Since the escalation of conflict in Yemen almost four years ago, the humanitarian needs have increased drastically, with an estimated 24 million people, or 80% of the population, in need of some form of humanitarian assistance in 2019.1 This figure represents an increase of two million people, or 10%, in just 12 months contributed to by an almost total collapse of Yemen’s economy, conflict across the country, violations of international law, as well as increased destruction of civilian infrastructure, notably schools and hospitals, denial of access to basic services which in turns contribute to deaths by preventable diseases, and significant increases in the number of displaced families and in gender-based violence.
Today, Yemen is closer to famine than ever before. A total of 15.9 million people, over 50% of the population, are severely food insecure, despite ongoing humanitarian food assistance.2 Current estimates show that around a quarter of a million people are living in famine-like conditions.3
- The number of internally displaced people has reached 3.3 million, 76% of whom are women and children, and this number is expected to increase to 3.9 million in 2019.
- 7 million people are malnourished, including 2 million children making it one child in five,5 and more than 1 million pregnant and lactating women.
- 400,000 children under five years old suffer from severe acute malnutrition (SAM) and an estimated 85,000 children might have already died from malnutrition or other treatable diseases since the beginning of the conflict.
- 16 million people are in need of WASH assistance and basic health care.
- 4.1 million children are out of school or in need of educational assistance.
- 3 million Yemeni women and girls are at risk of gender-based violence and the rate of forced and early marriage of girls has tripled since 2015.
- The UN estimates that there are 7.5 million Yemenis that humanitarian partners do not have regular access to.
We, both national and international humanitarian organizations in Yemen are working tirelessly to address these needs despite security concerns, access restrictions and other bureaucratic impediments. Collectively we are working in 19 governorates and each year we reach millions of people, including women and children. Yet we are constantly confronted by the scale of human suffering and we struggle to deliver at such a large scale when so many people are in dire need of assistance.
As we approach the 2019 High-Level Pledging Event for Yemen, in addition to requesting adequate levels of funding to implement the UN Yemen Humanitarian Response Plan for this year, we urge donors to:
- Ensure a broad representation of donors contribute generously to funding the Humanitarian Response Plan in order to guarantee a principled and accountable response. It is critical to have a more inclusive group of donors at the table where decisions on Yemen’s humanitarian response are being made.
- Reconsider the modality and conditionality of funding, including the need for increased flexibility and long-term funding, to enable humanitarian organizations to better respond to this humanitarian crisis while navigating prohibitive bureaucratic impediments and security challenges.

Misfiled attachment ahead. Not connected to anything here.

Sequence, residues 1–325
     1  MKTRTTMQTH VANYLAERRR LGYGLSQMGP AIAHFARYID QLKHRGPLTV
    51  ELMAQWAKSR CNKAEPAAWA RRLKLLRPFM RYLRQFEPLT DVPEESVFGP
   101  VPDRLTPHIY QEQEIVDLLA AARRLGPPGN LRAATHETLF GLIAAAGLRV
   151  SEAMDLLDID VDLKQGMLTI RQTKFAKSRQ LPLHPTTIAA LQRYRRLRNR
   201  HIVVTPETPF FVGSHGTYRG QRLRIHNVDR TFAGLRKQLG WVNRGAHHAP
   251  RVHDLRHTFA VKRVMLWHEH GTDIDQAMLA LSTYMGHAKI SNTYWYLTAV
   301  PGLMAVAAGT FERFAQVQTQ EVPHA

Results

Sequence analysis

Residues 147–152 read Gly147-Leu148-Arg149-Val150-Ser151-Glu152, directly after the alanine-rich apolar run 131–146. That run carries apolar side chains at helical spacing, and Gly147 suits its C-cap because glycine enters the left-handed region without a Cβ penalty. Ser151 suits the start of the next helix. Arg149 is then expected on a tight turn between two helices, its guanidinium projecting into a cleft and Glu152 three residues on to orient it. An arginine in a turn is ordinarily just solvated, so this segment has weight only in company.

- Increase funding to specific sectors such as protection, reproductive health and mental health and psychosocial support services, gender-based violence services and education. Investing in these sectors is likely to reduce the long-term damaging impact of the conflict on the Yemeni population, particularly women and children.
- Invest in early recovery and development in areas that are not directly affected by the conflict to strengthen the resilience of the Yemeni people, allowing them to recover their livelihoods and resume their lives. In addition to the focus on conflict affected areas, donors need to think creatively about supporting other parts of the country which may be less affected by the conflict but are also experiencing insecurity, political instability, weak governance and poor access to resources and services.
- Use their leverage with national authorities in Sana’a and Aden to negotiate access and remove conditionalities imposed on the humanitarian community. While access constraints have been challenging, NGOs have been able to deliver and save many lives across large parts of the country,and remain the main implementers on the ground. Donors must not stop funding us because of access challenges but rather we need your support to overcome these obstacles and that is why we report them.
As international organizations working in the field we believe that money alone is not the solution for the Yemen crisis, which has been described as the ‘worst humanitarian crisis of our time’. Above all, we urge the donors and the international community to support measures that protect Yemeni civilians, demand accountability for violations and disregard for the laws of war, along with peace negotiations and pressure their allies to find a peaceful political solution to the conflict in Yemen. Whilst only peace can end the suffering of the Yemeni people, humanitarian assistance must not be contingent on the peace process. The road to peace in Yemen is long with many steps ahead, but people are suffering now. Humanitarian and early recovery assistance will still be required for years to come to recover the damage that has been done during the years of war, and the international community must not lose any time to continue to sustainably and comprehensively address the needs of the Yemeni people.
Action Against Hunger
Save the Children
Norweigan Refugee Council
Medicins du Monde
International Medical Corps
Danish Refugee Council
International Rescue Committee